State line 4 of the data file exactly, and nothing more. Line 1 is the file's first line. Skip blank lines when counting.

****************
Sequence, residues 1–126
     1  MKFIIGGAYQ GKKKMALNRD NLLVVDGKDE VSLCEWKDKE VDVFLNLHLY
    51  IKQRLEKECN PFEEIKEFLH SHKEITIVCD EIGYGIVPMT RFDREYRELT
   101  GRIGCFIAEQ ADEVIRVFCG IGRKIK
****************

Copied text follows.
   101  GRIGCFIAEQ ADEVIRVFCG IGRKIK